Since so little time is given to the soldiers in the first thirty minutes, when they then start to get killed I never knew who any of them were and subsequently didn't care and felt slightly confused.  On an involvement level the only things this film has going for it is that A. it's upsetting watching young men get killed, and B. it's upsetting watching American soldiers get killed (unless you're not American, I suppose).  On a personal level I couldn't even tell the soldiers apart, let alone feel anything when they died, and that I believe is a huge, unforgivable mistake in a war film.  If it doesn't matter when the characters I'm supposed to be empathizing with get killed, then all you've got left is an exercise in expensive film production -- boy oh boy, there sure are a lot of things blowing up, guys running around, and bullets being fired.  Yeah?  So what?
       You can blow up all the things in the world and I won't care; it's only other people we humans really care about.  If you're not giving me a sense of what the humans feel about this battle -- and we certainly never get any point of view of what the Somalis think or feel -- then you've missed the whole point.  Unless I'm a major stockholder in Boeing, I can't really care about helicopters.
       Look, I'll happily go with a pro or con view of war if that's what the filmmakers really believe.  But to take no point of view at all is to fail.  Completely and utterly. 
       When I've brought up my gripe that there's no lead character, and therefore no point of view, I've been informed that the lead character is "the whole platoon."  Sorry, that just another way of saying there's no lead character.  It's a cop-out; a lame excuse.  A platoon can't be your lead character, only a single person can be.  When I've brought up my issue of not being able to tell any of the soldiers apart, the response I get is that they're all dressed the same with short hair, how could you possibly tell them apart?  Well, Oliver Stone did a fine job of differentiating the characters in Platoon and they too are all dressed the same with short hair.  The difference is called good writing as opposed to bad writing.  The response I've gotten to this issue is, "oh, they meant it to be that way."  Am I actually supposed to believe that the filmmakers intended their expensive film to be uninvolving and dull?  I don't think so.  I think they did the best job they could and it simply wasn't very good.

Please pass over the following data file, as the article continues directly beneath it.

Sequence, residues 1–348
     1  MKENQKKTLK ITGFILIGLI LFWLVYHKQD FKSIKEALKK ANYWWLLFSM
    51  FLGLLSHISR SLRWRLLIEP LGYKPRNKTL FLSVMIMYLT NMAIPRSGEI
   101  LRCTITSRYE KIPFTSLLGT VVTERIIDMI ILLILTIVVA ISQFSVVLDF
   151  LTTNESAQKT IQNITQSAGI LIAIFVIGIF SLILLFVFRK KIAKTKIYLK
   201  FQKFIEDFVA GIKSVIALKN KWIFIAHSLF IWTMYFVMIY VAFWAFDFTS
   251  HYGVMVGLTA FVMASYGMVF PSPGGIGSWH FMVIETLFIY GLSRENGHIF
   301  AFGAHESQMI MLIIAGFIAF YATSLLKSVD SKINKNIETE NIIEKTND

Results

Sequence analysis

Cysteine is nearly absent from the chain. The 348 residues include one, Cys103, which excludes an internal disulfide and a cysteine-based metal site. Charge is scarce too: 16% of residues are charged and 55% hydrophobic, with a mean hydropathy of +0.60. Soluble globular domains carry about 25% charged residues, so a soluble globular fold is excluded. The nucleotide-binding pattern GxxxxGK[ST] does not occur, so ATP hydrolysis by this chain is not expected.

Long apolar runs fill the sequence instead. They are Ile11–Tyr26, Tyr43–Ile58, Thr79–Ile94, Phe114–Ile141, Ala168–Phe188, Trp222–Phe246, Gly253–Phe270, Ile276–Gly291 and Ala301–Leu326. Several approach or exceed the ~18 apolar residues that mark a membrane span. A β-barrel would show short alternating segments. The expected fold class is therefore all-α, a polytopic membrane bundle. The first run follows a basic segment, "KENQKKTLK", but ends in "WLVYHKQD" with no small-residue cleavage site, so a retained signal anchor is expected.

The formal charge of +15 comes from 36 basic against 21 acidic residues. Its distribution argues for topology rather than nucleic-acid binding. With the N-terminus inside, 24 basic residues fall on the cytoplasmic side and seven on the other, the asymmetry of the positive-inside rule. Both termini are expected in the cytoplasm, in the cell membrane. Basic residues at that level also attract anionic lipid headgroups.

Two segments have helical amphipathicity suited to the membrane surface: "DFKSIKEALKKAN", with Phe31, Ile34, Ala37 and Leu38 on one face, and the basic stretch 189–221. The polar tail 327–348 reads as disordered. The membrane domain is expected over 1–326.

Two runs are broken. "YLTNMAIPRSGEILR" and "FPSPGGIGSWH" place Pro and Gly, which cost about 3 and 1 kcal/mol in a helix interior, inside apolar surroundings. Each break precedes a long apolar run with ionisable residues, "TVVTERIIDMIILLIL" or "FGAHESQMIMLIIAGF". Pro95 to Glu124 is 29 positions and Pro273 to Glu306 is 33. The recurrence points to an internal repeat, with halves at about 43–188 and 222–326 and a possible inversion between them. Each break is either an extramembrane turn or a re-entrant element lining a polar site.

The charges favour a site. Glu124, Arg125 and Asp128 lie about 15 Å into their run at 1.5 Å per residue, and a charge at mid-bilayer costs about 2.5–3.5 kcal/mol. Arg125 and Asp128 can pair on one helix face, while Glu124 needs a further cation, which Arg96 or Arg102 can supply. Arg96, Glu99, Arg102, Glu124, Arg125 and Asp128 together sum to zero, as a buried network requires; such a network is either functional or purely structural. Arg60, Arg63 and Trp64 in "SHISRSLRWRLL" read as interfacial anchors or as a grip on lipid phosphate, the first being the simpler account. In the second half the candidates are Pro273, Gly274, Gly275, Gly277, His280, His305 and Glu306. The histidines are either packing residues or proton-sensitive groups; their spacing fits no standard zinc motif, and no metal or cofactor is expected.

However, on the bright side, Black Hawk Down is a big improvement over Pearl Harborand Armageddon, so Jerry Bruckheimer may actually be getting better.  Black Hawk Down is also better than all of Ridley Scott's recent films, so that's a positive sign, too.  Sadly though, Scott began his career with two legitimately good movies, The Duellists and Alien, and has been going downhill ever since.  Although he may have momentarily stopped his downward trend, I sincerely doubt he'll ever return to his earlier high standards.  In fact, I find it very difficult to believe that the same man made The Duellists and Black Hawk Down.  Maybe Ridley disappeared after Alien and his hack brother Tony has been pretending to be him for the past twenty years.  It's not a good explanation, I admit, but at least it's some explanation.  Otherwise, what the hell happened?